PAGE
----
Understanding Website Users
Understanding Website Users
Is your website doing all it can to improve your company's bottom line? Before you can answer that question you need to understand a little about how people use websites. User Interface Engineering in Massachusetts has done a lot of research into how people use websites, and their findings can help in determining if your website is doing it's job to your best advantage.
How Do Visitors Use Websites?
What UIE has found is that websites fail when visitors can't easily find what they're looking for. Now that may sound obvious, but the fact is most websites do not do a good job of presenting appropriate useable information to their users.
In designing a website we must take into consideration these facts:
1. people find it harder to read text on a computer screen,
2, people read 25% slower on computers than from print material, and
3. 79% of people merely scan Web-text for headlines, captions, and bulleted points, ignoring the rest until they find what they're looking for.
Faulty Design Loses Customers and Business
This scanning process has a definite affect on the information visitors are able to garner from your site. Unless your copy-text is specifically formatted in this type of headline-point-form style, you stand a good chance visitors will:
1. miss your critical marketing message,
2. only pick-up a portion of your message, and/or
3. misunderstand your message altogether.
UIE's research has come up with some startling facts that most IT people will find hard to accept:
? on-site search engines receive a consistently low level of user satisfaction,
? on-site searches only receive a 30% satisfaction rate,
? well-organized links are more effective than searches, and
? appropriately categorized links receive a 53% satisfaction level.
Jared Spool of UIE also found in his research that you couldn't attract visitors to company-desired information until those visitors have at least partially completed the task they initially intended when they entered your site.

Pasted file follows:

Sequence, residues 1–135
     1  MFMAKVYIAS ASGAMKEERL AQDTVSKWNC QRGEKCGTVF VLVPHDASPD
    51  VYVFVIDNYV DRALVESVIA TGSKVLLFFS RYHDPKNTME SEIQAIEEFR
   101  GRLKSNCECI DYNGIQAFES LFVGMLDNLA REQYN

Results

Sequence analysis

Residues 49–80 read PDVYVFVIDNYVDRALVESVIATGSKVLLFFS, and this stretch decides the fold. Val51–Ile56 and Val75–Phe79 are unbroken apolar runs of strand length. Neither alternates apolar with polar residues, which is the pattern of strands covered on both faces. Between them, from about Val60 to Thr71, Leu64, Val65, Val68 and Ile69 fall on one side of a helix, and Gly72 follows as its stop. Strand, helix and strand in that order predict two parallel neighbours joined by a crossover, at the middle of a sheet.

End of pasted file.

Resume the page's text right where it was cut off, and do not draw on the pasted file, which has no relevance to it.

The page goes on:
There is an appropriate spot on your site to present website visitors with the information you want them to see. Spool refers to this as the 'seducible moment,' the time when a visitor can be lured away from their quest to respond to your pitch. Finding the seducible moments on your site requires an understanding of how people look for information.
Instrumental and Causal Searches
There are basically two kinds of information searches: instrumental and causal. Instrumental Searches occur when a visitor knows exactly what he or she wants to find; for example, a parent might be searching for the latest edition of a specific video game for their child.
A Causal Search is more general; the same parent may be searching for video games but not know which one they want to buy. Recognizing how people search and what they need to find to satisfy that search will help in deciding where your lures and pitches should be placed.
The Pitch and The Palaver
Most business websites deliver too much extraneous material and not enough decision-making information: the information people need to answer your call to action. To avoid frustrating Web-visitors and losing them to alternative website options, your Web-based information should fall under one of the following categories: